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Merkel, Merkel everywhere….

Writer and translator Susanne Pleines charts the progress of Germany’s diplomatic Superwoman.

War in the Ukraine? Euro crisis? Trans-Atlantic Trade agreement?

In recent days, Angela Merkel is rarely out of the news, as she has been playing a pivotal role on many international stages. The woman who Germans affectionately call ‘Mutti’ is currently in high demand in political quarters. Her patient diplomacy in Moscow, Kiev, Brussels, Berlin, Washington and Minsk is one of the stabilising factors many foreign heads have come to rely upon.

Abroad, she is resolute, logical and persistent. And perfectly suited to the role. Having grown up in the former GDR she not only speaks perfect Russian but is also able to understand the thought patterns and emotions of her Eastern European counterparts. Her gentle, conciliatory, ‘well let’s face it’, maternal style calms down hotheads and machos alike and achieves much more than the confrontational attitude others would bring to the table.

Nonetheless, she’s no pushover. But instead of threatening gestures she tells it as it is. Sanctions yes, weapons no. Shaky as it may be, the current ceasefire in Ukraine is to a great extent down to the German Chancellor and her ability to talk and persuade.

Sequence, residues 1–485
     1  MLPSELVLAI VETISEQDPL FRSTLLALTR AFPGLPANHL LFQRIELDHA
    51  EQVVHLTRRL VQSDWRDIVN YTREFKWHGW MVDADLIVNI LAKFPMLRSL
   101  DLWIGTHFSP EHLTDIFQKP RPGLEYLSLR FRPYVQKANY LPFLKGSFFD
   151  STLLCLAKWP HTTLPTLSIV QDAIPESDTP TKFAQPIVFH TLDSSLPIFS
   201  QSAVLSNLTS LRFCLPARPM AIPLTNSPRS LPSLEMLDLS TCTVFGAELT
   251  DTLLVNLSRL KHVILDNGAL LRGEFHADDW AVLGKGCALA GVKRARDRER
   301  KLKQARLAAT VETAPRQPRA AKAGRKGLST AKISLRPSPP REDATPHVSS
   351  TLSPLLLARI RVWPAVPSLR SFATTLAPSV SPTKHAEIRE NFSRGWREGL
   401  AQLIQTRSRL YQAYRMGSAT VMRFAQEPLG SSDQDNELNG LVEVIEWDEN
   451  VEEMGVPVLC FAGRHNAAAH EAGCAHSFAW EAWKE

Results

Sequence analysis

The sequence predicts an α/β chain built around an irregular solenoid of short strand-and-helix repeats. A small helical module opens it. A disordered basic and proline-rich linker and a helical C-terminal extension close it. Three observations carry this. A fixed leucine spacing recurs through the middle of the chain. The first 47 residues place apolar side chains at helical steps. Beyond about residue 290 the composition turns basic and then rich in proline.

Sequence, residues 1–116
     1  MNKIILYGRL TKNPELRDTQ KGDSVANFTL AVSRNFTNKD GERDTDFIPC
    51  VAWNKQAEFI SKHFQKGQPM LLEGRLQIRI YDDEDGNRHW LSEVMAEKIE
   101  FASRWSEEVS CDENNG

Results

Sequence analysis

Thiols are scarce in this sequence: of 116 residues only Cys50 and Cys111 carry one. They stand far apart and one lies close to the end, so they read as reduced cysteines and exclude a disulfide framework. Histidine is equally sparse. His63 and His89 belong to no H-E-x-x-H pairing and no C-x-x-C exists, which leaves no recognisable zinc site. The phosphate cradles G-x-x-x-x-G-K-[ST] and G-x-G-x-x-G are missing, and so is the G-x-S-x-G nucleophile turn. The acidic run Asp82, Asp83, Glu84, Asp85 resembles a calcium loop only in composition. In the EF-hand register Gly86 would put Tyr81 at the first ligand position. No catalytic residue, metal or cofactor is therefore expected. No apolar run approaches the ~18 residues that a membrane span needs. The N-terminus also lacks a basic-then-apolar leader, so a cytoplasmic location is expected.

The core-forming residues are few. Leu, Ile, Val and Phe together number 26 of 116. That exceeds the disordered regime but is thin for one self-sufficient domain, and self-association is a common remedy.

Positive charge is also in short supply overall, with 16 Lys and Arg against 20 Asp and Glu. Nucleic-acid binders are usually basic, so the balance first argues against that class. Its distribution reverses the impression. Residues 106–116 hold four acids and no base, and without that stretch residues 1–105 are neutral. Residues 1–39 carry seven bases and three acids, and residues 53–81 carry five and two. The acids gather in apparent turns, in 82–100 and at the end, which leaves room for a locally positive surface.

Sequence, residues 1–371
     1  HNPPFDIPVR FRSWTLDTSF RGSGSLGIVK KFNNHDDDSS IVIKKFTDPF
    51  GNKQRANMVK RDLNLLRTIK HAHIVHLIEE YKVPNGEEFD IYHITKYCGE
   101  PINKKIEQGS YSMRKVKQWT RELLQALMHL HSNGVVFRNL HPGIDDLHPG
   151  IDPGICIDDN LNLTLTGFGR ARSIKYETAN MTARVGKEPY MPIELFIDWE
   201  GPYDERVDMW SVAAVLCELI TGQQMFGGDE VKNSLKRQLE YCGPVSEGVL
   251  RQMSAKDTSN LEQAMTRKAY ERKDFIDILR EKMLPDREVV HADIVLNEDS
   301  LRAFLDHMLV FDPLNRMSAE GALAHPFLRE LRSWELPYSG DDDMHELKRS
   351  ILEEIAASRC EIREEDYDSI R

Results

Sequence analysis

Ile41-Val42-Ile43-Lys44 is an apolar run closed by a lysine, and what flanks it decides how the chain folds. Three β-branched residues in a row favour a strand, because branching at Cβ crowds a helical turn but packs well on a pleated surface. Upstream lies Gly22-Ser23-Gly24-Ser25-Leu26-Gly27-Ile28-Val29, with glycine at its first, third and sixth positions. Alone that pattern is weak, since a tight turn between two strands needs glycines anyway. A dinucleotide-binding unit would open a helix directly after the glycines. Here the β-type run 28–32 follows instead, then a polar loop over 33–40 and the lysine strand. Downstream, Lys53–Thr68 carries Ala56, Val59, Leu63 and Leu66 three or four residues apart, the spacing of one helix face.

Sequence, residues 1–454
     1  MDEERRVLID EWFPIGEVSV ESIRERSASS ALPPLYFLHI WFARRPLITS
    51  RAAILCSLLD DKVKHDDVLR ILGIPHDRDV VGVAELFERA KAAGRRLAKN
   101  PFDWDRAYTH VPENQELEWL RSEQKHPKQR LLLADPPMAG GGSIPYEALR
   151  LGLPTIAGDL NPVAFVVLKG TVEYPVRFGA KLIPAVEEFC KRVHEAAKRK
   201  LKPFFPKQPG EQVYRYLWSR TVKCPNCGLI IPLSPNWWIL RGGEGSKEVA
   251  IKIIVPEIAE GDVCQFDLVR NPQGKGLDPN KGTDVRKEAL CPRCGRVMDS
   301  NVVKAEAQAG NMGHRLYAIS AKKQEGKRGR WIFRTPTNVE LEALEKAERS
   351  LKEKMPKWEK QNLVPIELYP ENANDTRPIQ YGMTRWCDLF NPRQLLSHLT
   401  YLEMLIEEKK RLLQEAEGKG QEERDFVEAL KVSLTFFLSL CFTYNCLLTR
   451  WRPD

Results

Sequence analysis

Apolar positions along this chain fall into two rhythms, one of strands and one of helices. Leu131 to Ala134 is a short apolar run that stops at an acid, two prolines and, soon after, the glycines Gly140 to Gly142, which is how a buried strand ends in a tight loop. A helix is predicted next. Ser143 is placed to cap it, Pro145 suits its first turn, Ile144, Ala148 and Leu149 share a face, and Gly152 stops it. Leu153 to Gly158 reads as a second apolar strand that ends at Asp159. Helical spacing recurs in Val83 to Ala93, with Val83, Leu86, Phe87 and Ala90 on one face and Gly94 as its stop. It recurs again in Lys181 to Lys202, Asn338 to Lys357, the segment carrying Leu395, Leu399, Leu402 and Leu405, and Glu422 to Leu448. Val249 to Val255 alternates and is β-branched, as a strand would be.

We all wish for world peace. Superwoman Angela Merkel is one of the few politicians who can deliver.

With a new government in Greece, the Euro crisis is far from over and Merkel has a lot of ground to cover.  She’s already met Alexis Tsipras and welcomed him with open arms. But has anybody told him what Mutti’s “friendly welcome” really means?

Her successes abroad are all the more surprising as she has a completely different reputation at home. Among her fellow Germans, she is known as a hesitant and opportunistic leader who succumbs to pressure like butter to a knife. After the problems at Fukushima, she caved in to public demand and U-turned on the question of nuclear power. And she heavily compromised with her coalition partner SPD on the minimum wage.

Maybe she is lucky that there are no pressing domestic issues at the moment and she can fully concentrate on her role as an international head of state. In future, however, and with the 2017 elections in mind, she’d have to make sure that her international successes are matched by domestic ones. If so, she has every chance of becoming the longest serving German chancellor, pushing Helmut Kohl and his 16 years off the top spot.

 

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